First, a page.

How Aussie startup Local Measure secured a partnership with Cisco to modernise the Sydney Opera House

Local Measure founder and chief Jonathan Barouch. Source: Supplied.

Local Measure founder and chief Jonathan Barouch. Source: Supplied.

Sydney-based startup Local Measure has secured a partnership with tech giant Cisco, to bring its real-time customer experience platform to the Sydney Opera House.

Founded in 2013, the startup provides a customer experience platform for hotels, venues and even theme parks, using guest data to better engage guests and personalise experiences.

Five years on, it has offices in Singapore, Dubai, London, Miami and Phoenix, and just shy of 50 staff globally, which includes chief operating officer and ex-Twitter executive Sara Axelrod.

Working on the iconic opera house marks something of a full circle for Local Measure — it counted the Aussie landmark as one of its first clients.

Founder and chief Jonathan Barouch tells StartupSmart in the early days he received some government funding, and the Sydney Opera House was “one of the first New South Wales government bodies to say they wanted to work with us”.

The business has grown up a bit since then. This latest development follows a $4.5 million capital raise, closed in January 2017, which Barouch says allowed the startup to reach the next level of growth.

It grew its sales team globally, and diversifying its product to move away from social media data collection and into providing a customer experience-focused product.

“We couldn’t have done all the development without that capital,” Barouch says.

Since the raise, Local Measure has also secured “a number” of significant new global accounts, and almost doubled its revenue, he adds.

And the partnership with Cisco — a NASDAQ-listed business with a $US223 billion ($308.6 billion) market cap — is helping propel the Australian startup’s growth even further.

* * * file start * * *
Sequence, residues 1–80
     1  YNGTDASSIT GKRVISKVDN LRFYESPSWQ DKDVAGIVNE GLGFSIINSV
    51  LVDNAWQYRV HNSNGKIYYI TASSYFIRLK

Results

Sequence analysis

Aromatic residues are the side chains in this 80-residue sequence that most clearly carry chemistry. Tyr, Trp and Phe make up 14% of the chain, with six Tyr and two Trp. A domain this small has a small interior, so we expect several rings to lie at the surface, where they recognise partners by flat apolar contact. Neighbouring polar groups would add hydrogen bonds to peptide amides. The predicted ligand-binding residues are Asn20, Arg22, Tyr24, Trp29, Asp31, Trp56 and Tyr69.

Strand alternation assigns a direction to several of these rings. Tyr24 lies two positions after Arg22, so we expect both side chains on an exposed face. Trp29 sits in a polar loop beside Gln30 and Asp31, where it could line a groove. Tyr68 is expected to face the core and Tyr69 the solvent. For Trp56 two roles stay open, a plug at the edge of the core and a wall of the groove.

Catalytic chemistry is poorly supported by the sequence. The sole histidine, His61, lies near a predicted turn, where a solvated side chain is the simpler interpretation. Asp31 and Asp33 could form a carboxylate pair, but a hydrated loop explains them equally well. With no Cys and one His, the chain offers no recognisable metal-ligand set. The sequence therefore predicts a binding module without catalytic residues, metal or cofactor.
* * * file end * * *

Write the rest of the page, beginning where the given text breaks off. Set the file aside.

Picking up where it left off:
Local Measure initially took part in the developer outreach program of WebEx, a conferencing and collaboration video conferencing technology owned by Cisco, and then integrated with Cisco’s cloud and routing business Meraki.

Cisco saw the potential for marketing automation “and other use cases that allow businesses to connect with customers at scale”, Barouch says.

Clients liked the joint offerings, and the relationship “grew and grew”, he adds.

It’s an achievement, but “as an entrepreneur, you’re always looking for the next thing”, Barouch says.

Already, the startup is reaping the benefits of “advocacy and support” offered by Cisco, with Local Measure teams in Sweden, Paris and the UK being invited into meetings and presentations to showcase the startup to prospective new clients.

“Those are introductions and meetings that we never would have got on our own,” Barouch says.

People like Australians

Having secured a partnership with one of the world’s biggest tech companies, to work on one of Australia’s most famous landmarks, Barouch admits “I did pinch myself”.

But it wasn’t an easy ride, and “obviously I don’t want to sugarcoat all of the hard work it took to get here”, he adds.

There’s has been a significant investment of time, resources and capital on both the parts of Local Measure and Cisco, he adds, and the outcome is a “nice culmination” of that.

For other startups trying to partner up with large and influential tech players, the key thing is to focus on the impact you want to have on the end-customers.

“The customers care about tech, but they don’t really,” he says. They want the best outcomes, but they don’t necessarily care how it happens.

If a startup can align with a large company and “demonstrate that the sum of the parts is better than each of the parts independently, that’s a really good start”, Barouch says.

If you can provide a “really symbiotic” product or service through partnership, then “naturally, bigger partners are interested”, he adds.

Start with the customer’s needs in mind, “and the rest will follow”, he says.

And finding the companies to partner with may not be as hard as startups imagine. A lot of the large Silicon Valley companies have active tech outreach programmes, and they’re increasingly looking to Australia and the Asia Pacific region to connect with startups.

“There’s a natural advantage for Australians … if you’re trying to connect in Silicon Valley, you’re one of several thousand,” Barouch says.

“When senior executives come out to Singapore, there are less people fighting for their partnership.”

Australia also has a bright workforce, and works in the same timezone as Asia, which can be an advantage, Barouch says.

Plus, “people generally like Australians”.

Australian startups tend to “say it like it is … no bullshit”, he adds.

“I think a lot of global companies find that refreshing.”

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